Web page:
With the publication of Parerga and Paralipomena in 1851, there finally came some measure of the fame that Schopenhauer thought was his due.
Described by Schopenhauer himself as 'incomparably more popular than everything up till now', Parerga is a miscellany of essays addressing themes that complement his work The World as Will and Representation, along with more divergent, speculative pieces.
It includes essays on method, logic, the intellect, Kant, pantheism, natural science, religion, education, and language.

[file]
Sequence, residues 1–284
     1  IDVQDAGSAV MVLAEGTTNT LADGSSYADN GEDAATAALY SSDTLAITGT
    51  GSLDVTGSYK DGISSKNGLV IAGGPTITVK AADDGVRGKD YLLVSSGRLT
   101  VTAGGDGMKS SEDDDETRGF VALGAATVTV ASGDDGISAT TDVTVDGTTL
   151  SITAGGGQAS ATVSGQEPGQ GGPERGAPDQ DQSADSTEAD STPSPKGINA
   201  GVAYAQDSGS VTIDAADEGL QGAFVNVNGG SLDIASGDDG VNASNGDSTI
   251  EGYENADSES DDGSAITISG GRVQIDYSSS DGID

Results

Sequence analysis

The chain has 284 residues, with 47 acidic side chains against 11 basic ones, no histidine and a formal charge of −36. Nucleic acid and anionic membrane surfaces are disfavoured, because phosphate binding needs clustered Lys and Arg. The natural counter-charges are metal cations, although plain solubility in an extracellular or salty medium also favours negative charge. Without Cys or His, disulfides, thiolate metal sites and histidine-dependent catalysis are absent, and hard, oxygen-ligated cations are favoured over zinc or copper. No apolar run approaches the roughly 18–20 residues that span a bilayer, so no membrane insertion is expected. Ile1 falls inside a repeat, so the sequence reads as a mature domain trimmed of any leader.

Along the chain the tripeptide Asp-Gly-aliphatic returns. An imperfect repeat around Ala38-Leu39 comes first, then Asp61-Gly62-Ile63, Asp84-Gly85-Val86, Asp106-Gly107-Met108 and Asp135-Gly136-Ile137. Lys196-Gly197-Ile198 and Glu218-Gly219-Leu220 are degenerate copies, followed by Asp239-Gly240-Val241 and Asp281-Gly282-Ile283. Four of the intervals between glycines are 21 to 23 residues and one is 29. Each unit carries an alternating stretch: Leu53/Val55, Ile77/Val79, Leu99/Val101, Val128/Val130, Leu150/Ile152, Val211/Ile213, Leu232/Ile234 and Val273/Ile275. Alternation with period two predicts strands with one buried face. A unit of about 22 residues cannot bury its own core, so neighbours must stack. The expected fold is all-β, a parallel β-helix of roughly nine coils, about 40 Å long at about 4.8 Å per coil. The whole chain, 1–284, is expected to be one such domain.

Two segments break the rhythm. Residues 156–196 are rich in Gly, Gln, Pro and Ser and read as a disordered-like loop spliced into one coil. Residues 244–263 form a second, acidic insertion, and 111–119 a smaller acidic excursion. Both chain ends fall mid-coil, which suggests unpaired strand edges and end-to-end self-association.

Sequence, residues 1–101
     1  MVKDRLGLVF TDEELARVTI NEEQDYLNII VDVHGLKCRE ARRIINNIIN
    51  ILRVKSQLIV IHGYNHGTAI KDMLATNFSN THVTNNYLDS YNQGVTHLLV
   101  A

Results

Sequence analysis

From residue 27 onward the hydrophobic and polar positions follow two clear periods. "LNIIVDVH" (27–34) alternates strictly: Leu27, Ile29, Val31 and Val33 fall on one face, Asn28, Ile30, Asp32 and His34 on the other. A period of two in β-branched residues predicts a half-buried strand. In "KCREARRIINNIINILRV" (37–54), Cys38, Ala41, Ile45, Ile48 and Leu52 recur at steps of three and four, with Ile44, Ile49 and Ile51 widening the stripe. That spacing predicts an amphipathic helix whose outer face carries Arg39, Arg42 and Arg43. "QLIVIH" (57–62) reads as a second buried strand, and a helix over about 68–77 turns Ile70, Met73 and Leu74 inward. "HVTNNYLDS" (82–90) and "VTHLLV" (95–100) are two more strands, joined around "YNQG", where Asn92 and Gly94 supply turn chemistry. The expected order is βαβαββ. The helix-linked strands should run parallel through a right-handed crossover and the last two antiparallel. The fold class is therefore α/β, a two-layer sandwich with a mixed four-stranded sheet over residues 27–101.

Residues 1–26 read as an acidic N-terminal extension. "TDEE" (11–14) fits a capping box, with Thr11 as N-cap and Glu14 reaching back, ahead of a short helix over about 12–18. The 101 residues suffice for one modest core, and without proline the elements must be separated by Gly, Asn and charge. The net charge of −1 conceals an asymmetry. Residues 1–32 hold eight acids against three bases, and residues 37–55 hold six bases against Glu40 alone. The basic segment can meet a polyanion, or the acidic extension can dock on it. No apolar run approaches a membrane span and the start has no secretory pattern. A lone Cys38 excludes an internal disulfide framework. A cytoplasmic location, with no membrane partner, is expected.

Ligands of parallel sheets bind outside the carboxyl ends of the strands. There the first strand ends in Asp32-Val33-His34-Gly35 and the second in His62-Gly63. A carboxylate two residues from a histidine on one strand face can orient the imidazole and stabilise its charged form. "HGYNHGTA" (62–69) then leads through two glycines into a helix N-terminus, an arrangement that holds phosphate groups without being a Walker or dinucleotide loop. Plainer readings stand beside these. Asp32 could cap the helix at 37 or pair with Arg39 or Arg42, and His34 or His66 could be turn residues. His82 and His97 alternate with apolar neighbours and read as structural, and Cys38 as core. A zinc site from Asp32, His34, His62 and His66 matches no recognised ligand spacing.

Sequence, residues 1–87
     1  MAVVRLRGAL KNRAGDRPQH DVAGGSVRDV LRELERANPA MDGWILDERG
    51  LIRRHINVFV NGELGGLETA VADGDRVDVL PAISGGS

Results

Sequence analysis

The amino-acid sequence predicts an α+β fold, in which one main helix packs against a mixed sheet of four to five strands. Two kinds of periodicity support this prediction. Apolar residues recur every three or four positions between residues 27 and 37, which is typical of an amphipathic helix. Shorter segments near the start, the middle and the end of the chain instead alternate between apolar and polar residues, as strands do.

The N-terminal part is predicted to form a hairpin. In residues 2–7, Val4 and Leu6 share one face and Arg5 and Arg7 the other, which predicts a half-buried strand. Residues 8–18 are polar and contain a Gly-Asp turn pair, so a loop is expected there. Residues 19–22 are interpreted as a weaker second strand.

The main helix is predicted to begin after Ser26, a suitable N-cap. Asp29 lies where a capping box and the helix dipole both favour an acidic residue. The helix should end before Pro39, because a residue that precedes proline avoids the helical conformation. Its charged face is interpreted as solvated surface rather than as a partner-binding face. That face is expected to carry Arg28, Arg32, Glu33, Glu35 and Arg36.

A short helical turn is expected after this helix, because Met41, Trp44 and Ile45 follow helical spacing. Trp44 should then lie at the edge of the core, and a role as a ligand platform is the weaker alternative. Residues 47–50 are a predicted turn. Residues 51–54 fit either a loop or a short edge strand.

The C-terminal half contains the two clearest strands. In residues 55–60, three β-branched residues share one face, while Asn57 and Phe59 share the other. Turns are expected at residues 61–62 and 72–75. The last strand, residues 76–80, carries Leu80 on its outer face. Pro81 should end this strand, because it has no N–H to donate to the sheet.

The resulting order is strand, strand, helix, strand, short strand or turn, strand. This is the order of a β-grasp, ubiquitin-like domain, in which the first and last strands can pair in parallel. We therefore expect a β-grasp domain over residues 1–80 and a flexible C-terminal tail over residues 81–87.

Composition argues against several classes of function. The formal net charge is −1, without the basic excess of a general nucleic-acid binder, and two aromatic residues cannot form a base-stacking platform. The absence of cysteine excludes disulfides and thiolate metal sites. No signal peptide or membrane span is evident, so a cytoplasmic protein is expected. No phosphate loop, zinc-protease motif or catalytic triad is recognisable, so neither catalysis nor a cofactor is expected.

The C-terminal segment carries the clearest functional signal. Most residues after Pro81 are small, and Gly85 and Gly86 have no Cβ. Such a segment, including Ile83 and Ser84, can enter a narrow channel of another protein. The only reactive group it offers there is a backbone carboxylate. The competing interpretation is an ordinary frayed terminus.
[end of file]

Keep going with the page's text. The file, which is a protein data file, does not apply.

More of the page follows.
The present volume offers a new translation, a substantial introduction explaining the context of the essays, and extensive editorial notes on the different published versions of the work.
This readable and scholarly edition will be an essential reference for those studying Schopenhauer, the history of philosophy, and nineteenth-century German philosophy.